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Ros Taylor

October 24th, 2019

Queer and over here: Polish migrants stay on despite Brexit

2 comments

Estimated reading time: 5 minutes

Ros Taylor

October 24th, 2019

Queer and over here: Polish migrants stay on despite Brexit

2 comments

Estimated reading time: 5 minutes

Around one in four LGBTQ Polish migrants in Britain say their sexuality was one of the reasons why they moved to the UK. Lukasz Szulc (University of Sheffield) describes how this group have reacted to Brexit and why most plan to stay in the UK despite the ramifications of the Leave vote.

Polish migrants constitute the biggest overseas-born group in the UK, with numbers reaching 830,000 at the end of 2018. While they tend to be imagined as conservative, religious and homophobic, some of them are lesbian, gay, bisexual, trans or queer (LGBTQ). For them, Brexit ‘mixed up everything’, in the words of a Polish gay man living in London. Many moved to the UK to live more openly as an LGBTQ person, but they are now facing an increasingly anti-migrant climate in the aftermath of the Brexit referendum. At the same time, the prospects of moving back to Poland are rather bleak, taking into account that the ruling Law and Justice Party has attempted to shore up its support by taking a harsh line on LGBTQ issues in the run-up to the 2019 parliamentary elections.

Why did they move to the UK?

europride
At Europride in London, 2006. Photo: lewisham dreamer via a CC-BY-NC 2.0 licence

Results of a survey of nearly 800 Polish LGBTQs living in the UK, published in the report Queer #PolesinUK: Identity, Migration and Social Media, indicate that the most popular main reasons for migration for this group were related to work (31% of respondents), accompanying or joining partners, families or friends (17%) or LGBTQ issues (16%). Some have also moved primarily to study (10%).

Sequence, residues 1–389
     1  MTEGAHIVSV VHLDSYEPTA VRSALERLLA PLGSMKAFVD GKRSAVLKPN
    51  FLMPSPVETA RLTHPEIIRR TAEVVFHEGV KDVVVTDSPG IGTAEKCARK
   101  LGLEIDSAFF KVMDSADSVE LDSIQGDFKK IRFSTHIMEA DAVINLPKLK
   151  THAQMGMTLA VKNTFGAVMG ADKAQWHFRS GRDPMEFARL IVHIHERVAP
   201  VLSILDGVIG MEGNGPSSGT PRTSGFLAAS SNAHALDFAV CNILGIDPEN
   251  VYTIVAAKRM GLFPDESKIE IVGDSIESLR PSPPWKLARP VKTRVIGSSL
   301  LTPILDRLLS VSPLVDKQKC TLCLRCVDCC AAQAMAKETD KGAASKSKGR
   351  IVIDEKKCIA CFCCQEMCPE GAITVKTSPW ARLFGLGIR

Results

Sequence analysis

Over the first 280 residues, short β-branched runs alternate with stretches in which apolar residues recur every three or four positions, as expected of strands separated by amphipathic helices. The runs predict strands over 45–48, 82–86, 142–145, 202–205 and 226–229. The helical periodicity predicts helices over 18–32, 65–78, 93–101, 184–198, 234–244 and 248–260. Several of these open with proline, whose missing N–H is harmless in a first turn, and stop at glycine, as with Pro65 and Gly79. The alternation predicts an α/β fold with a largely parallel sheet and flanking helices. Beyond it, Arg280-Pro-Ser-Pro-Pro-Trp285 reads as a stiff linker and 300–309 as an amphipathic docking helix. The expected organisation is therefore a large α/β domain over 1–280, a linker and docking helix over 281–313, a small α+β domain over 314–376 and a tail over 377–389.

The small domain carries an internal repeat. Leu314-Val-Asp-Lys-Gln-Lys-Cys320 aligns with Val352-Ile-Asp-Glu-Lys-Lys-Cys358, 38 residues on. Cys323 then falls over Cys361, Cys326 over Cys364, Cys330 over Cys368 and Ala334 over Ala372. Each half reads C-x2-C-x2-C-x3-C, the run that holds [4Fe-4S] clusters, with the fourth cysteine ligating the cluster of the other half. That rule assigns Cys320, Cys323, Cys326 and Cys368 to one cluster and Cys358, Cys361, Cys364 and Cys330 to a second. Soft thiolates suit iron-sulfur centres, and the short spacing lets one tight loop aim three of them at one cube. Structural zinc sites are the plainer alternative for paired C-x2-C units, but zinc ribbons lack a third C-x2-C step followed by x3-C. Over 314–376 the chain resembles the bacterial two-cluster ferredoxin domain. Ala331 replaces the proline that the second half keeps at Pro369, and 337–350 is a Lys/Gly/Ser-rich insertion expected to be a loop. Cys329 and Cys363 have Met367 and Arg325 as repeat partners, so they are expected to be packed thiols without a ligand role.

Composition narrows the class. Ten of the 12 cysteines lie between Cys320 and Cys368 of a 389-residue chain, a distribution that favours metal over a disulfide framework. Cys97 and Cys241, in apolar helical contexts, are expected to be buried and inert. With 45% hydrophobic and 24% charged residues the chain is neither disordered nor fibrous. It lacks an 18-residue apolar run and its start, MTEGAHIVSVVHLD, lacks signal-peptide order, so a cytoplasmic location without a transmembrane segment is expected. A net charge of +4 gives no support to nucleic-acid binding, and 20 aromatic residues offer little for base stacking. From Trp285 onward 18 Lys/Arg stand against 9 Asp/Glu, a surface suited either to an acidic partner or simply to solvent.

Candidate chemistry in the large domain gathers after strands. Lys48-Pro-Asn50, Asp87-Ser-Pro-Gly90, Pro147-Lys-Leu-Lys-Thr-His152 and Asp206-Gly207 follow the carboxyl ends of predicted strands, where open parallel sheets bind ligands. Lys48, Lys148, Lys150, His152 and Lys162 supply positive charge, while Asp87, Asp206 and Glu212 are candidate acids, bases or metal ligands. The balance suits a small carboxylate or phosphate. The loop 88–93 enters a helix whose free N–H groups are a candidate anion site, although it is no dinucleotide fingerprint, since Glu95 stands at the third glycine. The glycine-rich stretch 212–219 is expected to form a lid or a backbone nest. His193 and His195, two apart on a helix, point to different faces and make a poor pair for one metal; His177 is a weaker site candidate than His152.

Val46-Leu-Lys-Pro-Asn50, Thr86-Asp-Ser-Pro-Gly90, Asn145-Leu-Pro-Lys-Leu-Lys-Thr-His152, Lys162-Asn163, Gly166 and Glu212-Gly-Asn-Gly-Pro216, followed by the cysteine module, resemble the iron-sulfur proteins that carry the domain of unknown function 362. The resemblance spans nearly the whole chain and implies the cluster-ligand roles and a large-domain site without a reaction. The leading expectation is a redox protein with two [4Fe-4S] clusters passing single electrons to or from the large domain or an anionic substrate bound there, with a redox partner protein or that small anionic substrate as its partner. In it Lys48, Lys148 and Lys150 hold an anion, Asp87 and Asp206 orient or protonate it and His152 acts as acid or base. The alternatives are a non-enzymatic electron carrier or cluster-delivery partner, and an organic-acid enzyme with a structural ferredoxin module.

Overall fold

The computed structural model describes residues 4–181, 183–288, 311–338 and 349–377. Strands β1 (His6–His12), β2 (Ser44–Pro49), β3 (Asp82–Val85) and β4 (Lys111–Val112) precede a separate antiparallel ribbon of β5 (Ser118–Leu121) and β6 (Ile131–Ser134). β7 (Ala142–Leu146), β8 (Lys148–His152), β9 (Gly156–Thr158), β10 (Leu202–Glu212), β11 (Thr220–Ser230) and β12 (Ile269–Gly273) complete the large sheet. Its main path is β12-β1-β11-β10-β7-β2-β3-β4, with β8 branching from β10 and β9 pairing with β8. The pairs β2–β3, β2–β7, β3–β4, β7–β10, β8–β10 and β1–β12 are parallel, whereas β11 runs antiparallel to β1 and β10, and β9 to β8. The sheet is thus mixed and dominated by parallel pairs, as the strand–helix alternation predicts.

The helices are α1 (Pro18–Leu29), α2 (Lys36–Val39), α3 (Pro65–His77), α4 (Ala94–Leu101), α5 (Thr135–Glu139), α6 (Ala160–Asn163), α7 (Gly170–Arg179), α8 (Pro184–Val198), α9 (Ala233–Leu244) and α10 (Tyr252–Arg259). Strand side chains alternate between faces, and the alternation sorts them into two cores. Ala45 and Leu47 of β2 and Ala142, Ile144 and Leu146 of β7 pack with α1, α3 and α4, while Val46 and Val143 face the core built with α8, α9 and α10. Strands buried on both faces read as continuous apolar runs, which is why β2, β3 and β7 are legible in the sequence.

Still, one in four respondents (27%) declared that LGBTQ issues were either the main or one of the reasons why they moved to the UK. Many of those respondents described Poland using such negative expressions as ‘homophobia’, ‘intolerance’ and ‘lack of acceptance’, while they characterised the UK as ‘tolerant’, ‘open’ and ‘free’. A 20-year-old lesbian who moved from Poland to the East Midlands in 2018 explained that her migration was motivated by ‘the possibility of leading a “normal” life (forming a family, getting married, having kids, being accepted)’. In Poland, same-sex couples are not legally recognised.

It would be unfair to depict Poland as ‘typically’ homophobic and the UK as ‘essentially’ tolerant towards LGBTQs. In fact, Poland had already decriminalised same-sex acts in 1932, 35 years before England and Wales. It is true, however, that in recent years the UK has embraced LGBTQ rights more enthusiastically than Poland, while the Law and Justice Party picked on LGBTQs after its win in the 2015 elections. This intensified anti-LGBTQ climate in Poland played a key role for some migrants in deciding to leave the country.

What do they think about Brexit?

The results of the EU referendum came as a shock to many Polish LGBTQs in the UK. The majority of survey respondents are against Brexit. Three quarters (76%) declared they strongly or rather disapprove of it while only 4% stated that they approve or strongly approve of Brexit. A further 12% partially approve and partially disapprove of Brexit, while 9% have no opinion about it.

Table 1: What do you think about the UK leaving the European Union (‘Brexit’)? (n=716)

I strongly approve of Brexit1.82%
I rather approve of Brexit1.68%
I partially approve and partially disapprove of Brexit11.73%
I rather disapprove of Brexit16.06%
I strongly disapprove of Brexit59.92%
I have no opinion about Brexit8.80%

In the interviews accompanying the survey, participants expressed a lot of confusion about Brexit. Many of them did not know what it would mean for them, which made them feel uncertain about their future. Those who were living in the UK for longer considered applying for British citizenship, but many could not afford it.